Ms.Sandra Getzendiner was minding her own business, peddling her bicycle over a bridge, when out of nowhere, the two Pit Bull Terriers attacked her and were in the process of tearing her to pieces. If not for the brave actions of several passers-by, it is doubtful that Gentzendiner could have survived the attack.

As is usual for me after covering an event, I came away with some observations.

It never ceases to amaze me when a situation such as this occurs, the number of people who seem to be far more concerned with the animal than the human being.

Don't get me wrong. I love dogs. I love most all animals. Unlike some folks, however; I believe that I can put things into perspective.

I was at the scene of the incident. (The Piqua Daily Call was the only news organization there, by the way.)

After the investigation and activity related to the attack wrapped up on Sunday evening, I proceeded to do our "newspaper thing" of checking facts and details, along with gathering more information as it became available. Part of thiswork flow was to post what we knew on our Facebook page, along with a photograph.

We were quickly besieged with responses. One of the first was from a reader who demanded that I apologize for running a photograph of a dead dog surrounded by officers who had just shot it. Before I had time to form a response, a number of readers offered a differing opinion. The comments were interesting. I am pleased that many were sound and reasonable. A few of them just left me scratching my head.

I quickly saw two thing happening. First, I noted the few people who were flat-out more interested in "the poor animals," than in the fact that those two dogs had nearly killed someone.

I literally had more comments concerning a photograph of a dead dog than we received the last time we published an image of a deceased human. That fact alone turns my stomach more than any photograph ever could.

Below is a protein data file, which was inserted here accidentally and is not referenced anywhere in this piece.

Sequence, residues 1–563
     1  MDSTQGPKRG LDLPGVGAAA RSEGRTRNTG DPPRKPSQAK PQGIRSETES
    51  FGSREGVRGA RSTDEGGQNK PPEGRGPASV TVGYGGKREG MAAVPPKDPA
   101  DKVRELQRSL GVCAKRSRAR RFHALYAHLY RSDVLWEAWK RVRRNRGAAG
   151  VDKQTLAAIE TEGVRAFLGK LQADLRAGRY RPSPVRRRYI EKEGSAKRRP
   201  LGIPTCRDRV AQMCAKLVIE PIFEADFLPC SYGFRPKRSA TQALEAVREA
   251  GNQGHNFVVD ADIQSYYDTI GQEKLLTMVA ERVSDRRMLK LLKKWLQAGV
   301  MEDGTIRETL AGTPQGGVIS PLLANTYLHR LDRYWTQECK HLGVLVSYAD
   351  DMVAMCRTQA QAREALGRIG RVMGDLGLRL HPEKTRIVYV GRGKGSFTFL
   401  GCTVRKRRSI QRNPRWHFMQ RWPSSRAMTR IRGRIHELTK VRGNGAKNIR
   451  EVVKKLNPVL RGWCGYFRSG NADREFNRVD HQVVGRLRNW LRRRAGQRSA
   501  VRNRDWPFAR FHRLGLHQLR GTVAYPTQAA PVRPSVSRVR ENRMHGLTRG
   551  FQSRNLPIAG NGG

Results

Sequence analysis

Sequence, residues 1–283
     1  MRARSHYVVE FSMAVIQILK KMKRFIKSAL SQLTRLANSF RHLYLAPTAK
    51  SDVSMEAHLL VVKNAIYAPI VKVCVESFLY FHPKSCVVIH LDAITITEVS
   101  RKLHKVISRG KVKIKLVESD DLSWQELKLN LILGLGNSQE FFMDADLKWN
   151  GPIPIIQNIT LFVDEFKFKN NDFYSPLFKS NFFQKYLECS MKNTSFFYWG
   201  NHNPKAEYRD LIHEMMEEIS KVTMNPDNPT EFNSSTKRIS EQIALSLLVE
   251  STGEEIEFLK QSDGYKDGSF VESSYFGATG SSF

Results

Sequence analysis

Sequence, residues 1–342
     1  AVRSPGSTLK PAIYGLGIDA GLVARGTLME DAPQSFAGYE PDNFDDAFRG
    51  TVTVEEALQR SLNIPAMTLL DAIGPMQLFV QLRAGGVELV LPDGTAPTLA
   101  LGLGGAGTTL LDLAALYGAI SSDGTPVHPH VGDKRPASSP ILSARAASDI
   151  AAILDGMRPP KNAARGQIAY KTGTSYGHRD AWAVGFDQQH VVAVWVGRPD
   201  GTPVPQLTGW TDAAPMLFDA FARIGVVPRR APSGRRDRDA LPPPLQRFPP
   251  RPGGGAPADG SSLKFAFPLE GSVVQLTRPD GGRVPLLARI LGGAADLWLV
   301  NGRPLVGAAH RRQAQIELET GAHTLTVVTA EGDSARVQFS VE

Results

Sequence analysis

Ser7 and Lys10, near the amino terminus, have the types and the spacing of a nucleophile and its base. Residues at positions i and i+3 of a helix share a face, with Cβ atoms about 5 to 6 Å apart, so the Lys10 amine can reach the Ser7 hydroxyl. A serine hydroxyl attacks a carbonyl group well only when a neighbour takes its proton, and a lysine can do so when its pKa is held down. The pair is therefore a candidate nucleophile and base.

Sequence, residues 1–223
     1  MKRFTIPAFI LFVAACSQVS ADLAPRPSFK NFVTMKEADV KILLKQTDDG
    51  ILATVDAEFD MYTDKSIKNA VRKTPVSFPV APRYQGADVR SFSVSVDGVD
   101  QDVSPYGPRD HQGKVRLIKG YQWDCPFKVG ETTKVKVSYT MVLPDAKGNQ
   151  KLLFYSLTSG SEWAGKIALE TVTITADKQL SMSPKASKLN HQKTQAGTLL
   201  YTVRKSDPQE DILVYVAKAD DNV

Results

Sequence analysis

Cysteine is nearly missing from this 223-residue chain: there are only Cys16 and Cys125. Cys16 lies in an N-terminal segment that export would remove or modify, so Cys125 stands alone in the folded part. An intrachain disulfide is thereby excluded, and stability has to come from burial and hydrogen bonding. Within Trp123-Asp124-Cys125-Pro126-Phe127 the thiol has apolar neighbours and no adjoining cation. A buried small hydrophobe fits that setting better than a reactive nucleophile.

The second thing that I noted was, in these days of "I-Witness Reporters," an appalling lack of accuracy to "I-Witness" reports and just flat-out unsubstantiated incorrect information. It did not take long for me to wonder if I was covering a totally different dog attack.

Posts ran a gamut of whether, or not, the second dog had been apprehended or killed to people stating that they "had heard" that the dog attack victim had died of her injuries. I even heard someone claim that police found torn-off human limbs in the woods. Where do people come up with this stuff?

What is most sad is that many news organizations are using the "I-Reporter" route in an ever-increasing fashion. Why? They do it so that they can save money. They do it to make the general public feel "connected" to the station.

All that is happening is that, in exchange for an individual getting his thirty seconds of fame, the public is getting everything from incomplete facts to flat out lies.

The bottom line? Their company management cares less about covering news and doing so ethically and accurately than they do about their own bottom line.

The good news in all of this is that Getzendiner is reported to be doing well following surgery and is on the mend. She is proving to be a very popular lady and the outpouring of support and prayers for her is heartwarming.

I hope that we can all learn something from this near-tragic incident. Most importantly, a human life is far more important that any animal.